Routine Checkup

A few entries ago, I mentioned the importance of maintaining routines to help stave off executive dysfunction and time blindness, so I thought I’d go a little deeper with that topic this week. 

If you ask me, routines are very helpful, no matter who you are. Whether they help you remember to brush your teeth each night or to put the trash out every week, routines get things done. It’s like muscle memory for your mind. The more you do something, the easier it is to do without thinking about it too much.

But knowing that routines are beneficial and actually establishing routines are two different things. I know that exercising every day helps me feel better physically and mentally, but I often struggle to do so regularly. After getting my dog, Petra, I was able to create a routine of walking with her, probably because I was doing it for her, not for myself. But I’d still like to do more moving on a daily basis.

Similarly, even though I know that playing my guitar and singing help me relax, as well as make it possible for me to share my thoughts in a creative way, it wasn’t until I started getting together with some very talented relatives on a regular basis that I began to practice more often on my own. Still, there are musical routines (I’m not talking dance numbers here) that I’d like to make a part of each week, but I keep putting them off for other things.

Sometimes, when you know a certain routine is good for you, it might take some outside encouragement or accountability to establish that routine. That’s okay. And in the examples above, the accountability doesn’t have to be reserved just for things done with others; you can also seek out someone to check up on your progress with routines you’re trying to create on your own. 

Have a friend text you a few days each week to ask if you’ve exercised. Maybe even find someone who can text you at a time you’d typically have free, so if you haven’t exercised, you can do it right then. Or join an online group of people with similar goals as you, like a musicians group that checks in with each other on how projects are going.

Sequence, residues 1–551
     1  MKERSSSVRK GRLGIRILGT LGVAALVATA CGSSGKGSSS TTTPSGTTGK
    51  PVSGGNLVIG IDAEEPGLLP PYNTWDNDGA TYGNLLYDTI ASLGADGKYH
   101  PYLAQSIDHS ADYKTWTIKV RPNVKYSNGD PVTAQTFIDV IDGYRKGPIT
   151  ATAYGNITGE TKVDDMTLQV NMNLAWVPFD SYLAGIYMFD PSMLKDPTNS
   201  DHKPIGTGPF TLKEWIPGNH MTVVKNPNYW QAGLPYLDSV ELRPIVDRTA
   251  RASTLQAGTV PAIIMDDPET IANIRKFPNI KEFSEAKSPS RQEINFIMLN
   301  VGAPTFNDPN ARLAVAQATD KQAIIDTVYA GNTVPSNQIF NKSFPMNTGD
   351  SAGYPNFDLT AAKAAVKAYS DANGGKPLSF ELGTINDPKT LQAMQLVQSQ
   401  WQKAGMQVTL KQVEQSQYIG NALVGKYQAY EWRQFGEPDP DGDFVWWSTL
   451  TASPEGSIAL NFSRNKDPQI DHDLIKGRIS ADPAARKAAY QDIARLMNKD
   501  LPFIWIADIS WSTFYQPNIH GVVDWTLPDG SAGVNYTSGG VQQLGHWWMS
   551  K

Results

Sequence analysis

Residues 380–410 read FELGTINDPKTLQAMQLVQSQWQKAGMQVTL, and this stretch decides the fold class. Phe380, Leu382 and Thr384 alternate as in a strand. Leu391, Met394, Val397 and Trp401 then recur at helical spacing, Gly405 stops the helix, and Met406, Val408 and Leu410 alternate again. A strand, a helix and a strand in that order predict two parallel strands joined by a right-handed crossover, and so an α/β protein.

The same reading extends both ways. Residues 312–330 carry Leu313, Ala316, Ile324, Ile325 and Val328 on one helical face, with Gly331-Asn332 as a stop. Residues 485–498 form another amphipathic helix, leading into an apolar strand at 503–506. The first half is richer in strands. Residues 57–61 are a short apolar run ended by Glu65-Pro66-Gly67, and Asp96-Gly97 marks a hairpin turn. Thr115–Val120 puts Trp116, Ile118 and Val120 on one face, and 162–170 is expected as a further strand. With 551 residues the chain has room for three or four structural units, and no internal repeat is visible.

Routines can be as simple or as complex as you need them to be. 

Simple nighttime routine:

  1. Take allergy medicine.

  2. Turn the bottle upside down (so you remember that you took it).

  3. Brush teeth.

  4. Floss.

  5. Use mouthwash.

  6. Turn the allergy meds bottle back over (so you can start over tomorrow night).

Some nights, I really don’t feel like doing a lot before going to sleep, but I know I have to take my allergy pill or I’ll regret it the next day. Once I take my allergy pill (which is located in the bathroom), I might as well brush my teeth. So step 1 quickly starts my routine, and before I know it I’m turning my allergy pill bottle right side up and heading to bed.

More complex routines might also be needed, like when I’m listing a new item on my Etsy store. When I first started out, I typed up a checklist of steps that I needed to do for each item. The more items I add, the more that checklist becomes a routine.

Like muscle memory, building routines takes time. However, if you’re willing to put forth the effort, I believe it pays off in both small and big ways. Routines are great. Now… if only I could figure out how to get new routines to stick... :)

If you’d like to support Nickole and Dymes Creations, visit my Etsy shop from time to time to check out the newest digital (and eventually physical) products. If you’d like to be a patron of Nickole and Dymes, visit my Patreon account for details on how to get started! Even liking and sharing posts from my Instagram (nickole_and_dymes) and Facebook (Nickole.and.Dymes) accounts makes a huge difference. And follow Nicky and Bea Books on Facebook and Instagram (@NickyandBeaBooks) to stay up-to-date with the launch of the Nicky & Bea book series, with author Rebecca (Becca) Amstutz and illustrator Nicole Dynes (that’s me!).


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